“To Kill A Mockingbird” is the same way, maybe as many of those words, but it helps the reader understand. It’s more than a plot, or a story, or something gratuitous, it’s to help understand. For the older generation, that word is just another word they used to hear. Today, for kids, its a bad word but when used in the right context, to help understanding of racism, it’s not bad. Our young people take all our freedom for granted (including me), now we’re trying to make racism like it never happened. Yes, the fact that racism is abolished it great, but I don’t think we should forget where we’ve come from.

  19. I also continue to disagree with the Professor. Part of being an adult human being is not just absorbing information but also analyzing it and using the reasoning skills that God gave us to determine the world view, flaws, truth and lies in the information we receive. A reasoning human being can read what is in _Huckleberry Finn_ and know that just because the characters use words that are offensive doesn’t mean that those words are now okay or, for that matter, ever were. They can “read between the lines.” These are skills that kids don’t have until high school age, and need to be developed through practice. Even though the brain develops neurologically the connections for reasoning, like all other things with our body, if you don’t use it, you tend to lose it.

    I can see making a “dumbed down” version for younger kids (even though I despise them) to introduce the storyline so that when they get to the real story, they don’t get bogged down with colloquialisms and different speech patterns, and such, but lets not make a dumbed down version for a group of people who need the practice of using their noggins!

    “What DO they teach in school these days?” (Professor Kirk, _The Lion, the Witch, and the Wardrobe_) :-)
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  20. Love this post! Your thoughts, the professor’s, thoughts. Thanks for writing him and posting his answer. Wouldn’t it be great if we all went to the source and asked? My, my. But that’s too simple.

    Also, I’m a Texan. I’ll watch my inbox.

    Jeanne
    Jeanne Damoff recently posted..West Coast Tour

  21. In my short time blogging and being in ministry I’ve learned that sometime we have to make concessions in order to gain a platform to speak from. I’ve had to compromise in order for there to be anyone sitting in the audience to hear me. I think this works the same way, if we really believe Twain’s book is worth the read (which it obviously is) then we have to be willing to make concessions so it will end up being read instead of just sitting on a shelf somewhere.
    SethC recently posted..Application

  22. The book is powerful because it exposes racism and slavery for what it is. The language the author chose (over the two years he worked on it) is an integral part of his purpose. To concede, to change the words is to alter the meaning and impact. Twain is saying to the reader “You have heard it said, but I say…” as powerfully as anyone since “that guy” did. In the climatic moment where Huck has to choose between religion as it was presented to him, with its racism, and caring for Jim as his equal and “neighbor” in the full biblical sense, he says “all right then, I’ll go to hell.”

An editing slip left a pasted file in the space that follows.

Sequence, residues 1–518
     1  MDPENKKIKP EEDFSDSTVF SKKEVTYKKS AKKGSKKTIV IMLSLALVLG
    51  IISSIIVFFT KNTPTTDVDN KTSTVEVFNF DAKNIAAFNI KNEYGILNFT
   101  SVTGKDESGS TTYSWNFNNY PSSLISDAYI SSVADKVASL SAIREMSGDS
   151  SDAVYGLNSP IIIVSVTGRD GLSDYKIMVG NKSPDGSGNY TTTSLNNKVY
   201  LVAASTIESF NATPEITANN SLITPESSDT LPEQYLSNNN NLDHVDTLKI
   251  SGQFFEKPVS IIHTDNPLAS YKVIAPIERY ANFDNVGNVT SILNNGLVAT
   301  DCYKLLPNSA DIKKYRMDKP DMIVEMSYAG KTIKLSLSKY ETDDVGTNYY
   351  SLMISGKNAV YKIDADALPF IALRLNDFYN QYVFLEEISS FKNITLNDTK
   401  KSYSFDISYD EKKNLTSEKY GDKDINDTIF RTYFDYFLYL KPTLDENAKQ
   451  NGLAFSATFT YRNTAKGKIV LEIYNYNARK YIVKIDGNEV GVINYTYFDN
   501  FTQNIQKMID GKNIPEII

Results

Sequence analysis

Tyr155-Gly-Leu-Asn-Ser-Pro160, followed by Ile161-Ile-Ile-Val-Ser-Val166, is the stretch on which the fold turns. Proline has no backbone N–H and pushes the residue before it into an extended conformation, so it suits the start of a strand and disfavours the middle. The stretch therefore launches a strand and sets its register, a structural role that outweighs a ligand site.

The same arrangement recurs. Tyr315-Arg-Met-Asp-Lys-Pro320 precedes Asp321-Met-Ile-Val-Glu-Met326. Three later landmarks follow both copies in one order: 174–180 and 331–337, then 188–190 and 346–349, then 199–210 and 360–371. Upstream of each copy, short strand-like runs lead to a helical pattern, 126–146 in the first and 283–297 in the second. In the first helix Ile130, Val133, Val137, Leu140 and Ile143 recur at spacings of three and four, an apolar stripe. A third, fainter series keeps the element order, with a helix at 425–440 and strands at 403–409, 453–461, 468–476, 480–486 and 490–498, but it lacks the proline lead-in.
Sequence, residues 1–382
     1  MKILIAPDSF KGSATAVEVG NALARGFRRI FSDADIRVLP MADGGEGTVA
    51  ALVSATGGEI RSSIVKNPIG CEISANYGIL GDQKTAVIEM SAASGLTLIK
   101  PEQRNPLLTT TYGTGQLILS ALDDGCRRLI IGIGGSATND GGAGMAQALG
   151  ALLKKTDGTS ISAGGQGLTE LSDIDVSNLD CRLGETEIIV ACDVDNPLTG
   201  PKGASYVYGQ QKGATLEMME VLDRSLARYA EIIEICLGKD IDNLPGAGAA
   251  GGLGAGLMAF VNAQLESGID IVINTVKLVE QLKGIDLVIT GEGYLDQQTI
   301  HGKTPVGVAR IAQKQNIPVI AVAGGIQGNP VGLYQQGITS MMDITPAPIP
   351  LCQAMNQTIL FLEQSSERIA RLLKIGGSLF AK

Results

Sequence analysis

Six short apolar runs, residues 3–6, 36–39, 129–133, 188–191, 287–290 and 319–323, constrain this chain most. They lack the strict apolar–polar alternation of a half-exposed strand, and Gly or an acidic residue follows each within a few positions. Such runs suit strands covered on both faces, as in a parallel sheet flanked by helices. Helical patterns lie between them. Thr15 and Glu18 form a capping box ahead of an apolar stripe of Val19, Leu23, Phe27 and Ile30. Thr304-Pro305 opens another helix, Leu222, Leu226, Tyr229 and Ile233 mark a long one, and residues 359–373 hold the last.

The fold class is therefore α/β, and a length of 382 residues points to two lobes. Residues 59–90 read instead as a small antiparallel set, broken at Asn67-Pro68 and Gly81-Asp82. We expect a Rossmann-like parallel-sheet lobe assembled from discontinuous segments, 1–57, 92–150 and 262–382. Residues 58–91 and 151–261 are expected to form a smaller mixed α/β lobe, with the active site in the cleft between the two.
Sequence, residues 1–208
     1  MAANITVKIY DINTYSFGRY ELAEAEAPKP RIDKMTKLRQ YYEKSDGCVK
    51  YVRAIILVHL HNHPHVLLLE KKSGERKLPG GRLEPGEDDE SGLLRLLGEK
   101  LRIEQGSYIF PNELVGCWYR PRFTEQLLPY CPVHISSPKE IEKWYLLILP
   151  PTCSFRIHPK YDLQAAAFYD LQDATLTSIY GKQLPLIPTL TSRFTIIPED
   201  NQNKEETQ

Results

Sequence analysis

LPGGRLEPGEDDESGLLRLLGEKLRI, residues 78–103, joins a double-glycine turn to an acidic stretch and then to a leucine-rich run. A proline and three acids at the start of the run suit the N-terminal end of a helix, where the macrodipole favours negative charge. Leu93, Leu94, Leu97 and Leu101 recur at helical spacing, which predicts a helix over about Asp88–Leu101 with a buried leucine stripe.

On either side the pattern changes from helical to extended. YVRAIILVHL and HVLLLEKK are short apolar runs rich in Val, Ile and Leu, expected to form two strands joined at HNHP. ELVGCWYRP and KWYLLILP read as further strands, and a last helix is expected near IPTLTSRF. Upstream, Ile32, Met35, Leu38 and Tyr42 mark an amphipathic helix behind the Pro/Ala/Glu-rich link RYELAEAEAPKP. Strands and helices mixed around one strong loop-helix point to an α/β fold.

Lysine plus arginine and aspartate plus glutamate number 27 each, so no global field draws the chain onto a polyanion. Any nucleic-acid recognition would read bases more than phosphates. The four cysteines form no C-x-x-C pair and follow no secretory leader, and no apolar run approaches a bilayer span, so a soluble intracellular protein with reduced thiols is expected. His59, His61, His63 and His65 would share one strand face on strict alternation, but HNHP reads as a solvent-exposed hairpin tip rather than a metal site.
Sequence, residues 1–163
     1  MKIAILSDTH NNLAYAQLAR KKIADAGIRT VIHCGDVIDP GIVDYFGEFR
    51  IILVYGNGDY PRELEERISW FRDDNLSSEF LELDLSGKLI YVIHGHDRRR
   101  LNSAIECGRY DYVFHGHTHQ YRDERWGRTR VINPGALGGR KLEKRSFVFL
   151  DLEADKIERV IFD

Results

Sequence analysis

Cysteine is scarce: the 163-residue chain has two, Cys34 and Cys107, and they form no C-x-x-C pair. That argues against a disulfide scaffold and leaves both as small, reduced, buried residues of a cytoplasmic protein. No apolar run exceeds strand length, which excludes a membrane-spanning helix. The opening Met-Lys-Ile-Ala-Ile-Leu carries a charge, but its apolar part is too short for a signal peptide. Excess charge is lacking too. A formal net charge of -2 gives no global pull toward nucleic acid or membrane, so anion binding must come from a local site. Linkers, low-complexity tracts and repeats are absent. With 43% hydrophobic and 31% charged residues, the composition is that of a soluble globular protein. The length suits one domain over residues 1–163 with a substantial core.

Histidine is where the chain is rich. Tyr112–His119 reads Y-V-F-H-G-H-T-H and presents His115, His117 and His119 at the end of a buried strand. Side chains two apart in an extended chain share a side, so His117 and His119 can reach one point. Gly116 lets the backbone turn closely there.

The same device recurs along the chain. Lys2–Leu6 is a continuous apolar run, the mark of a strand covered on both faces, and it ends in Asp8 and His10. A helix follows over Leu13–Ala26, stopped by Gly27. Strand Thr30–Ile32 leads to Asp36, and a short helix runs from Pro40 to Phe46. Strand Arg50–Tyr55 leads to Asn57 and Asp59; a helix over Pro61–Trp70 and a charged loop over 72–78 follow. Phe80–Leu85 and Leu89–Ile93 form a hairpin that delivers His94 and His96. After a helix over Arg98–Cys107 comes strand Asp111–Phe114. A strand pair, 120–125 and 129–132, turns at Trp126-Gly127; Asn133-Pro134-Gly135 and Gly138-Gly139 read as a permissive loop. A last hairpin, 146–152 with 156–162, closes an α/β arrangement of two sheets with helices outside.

I’d suggest changing that to “a less desirable place.”

    Educate people, don’t make the world dumber by dumbing literature down.
    David Wilson recently posted..Here Am I- Send Me

  23. This has been a good conversation with my friends and me! It seems the views are fairly similar around Glendale, AZ, as on here!

    I also thought I would let you know that I finally got my blog up and running. You may not feel like you have contributed a lot to my getting started, but you have in more ways than you know. Thanks!
    Daniel M. Klem recently posted..I Love-Hate Religion

  24. It is sad that many schools have removed it from reading, but not all schools. All of my children got to read it for their AP English class in 9th grade. My youngest did just this last year. The difference is that they had to go and purchase the book themselves.It was a summer reading project with a report due the first week back at school. The school did not provide the book, but it was required reading. When kids own books they treat them with a different respect and therefore are not scribbling side notes in the margins to share with whoever has the book next. Many kids do such disrepectful acts to other peoples property not understanding the value they are destroying. With children having to purchase the book it has set up a new respect of ownership and the kids have a classic they now own for themselves. They have been taught respect for literature.
    I have 4 kids and they all have a great library of books they have purchased because they have been taught the value of literature and of course enjoy reading. Books are always part of gift giving in our home. Schools & families need to instill the value and respect of classic pieces of art. This all reminds me of museums that would not show Michelangelo’s David sculpture, because he is naked. Should we dress him so people will come see the classic piece of art? Seriously what are people afraid of?
    Lisa recently posted..Thrown into the Mixing Bowl

  25. It’s a fine line, isn’t it? I still say…no. Where do we STOP temporarily fixing books? I see his point, but still…
    Nikole Hahn recently posted..Freedom in Silence

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  2. 60 Minutes discusses NewSouth’s Tom Sawyer and Huckleberry Finn - NewSouth Books - March 21, 2011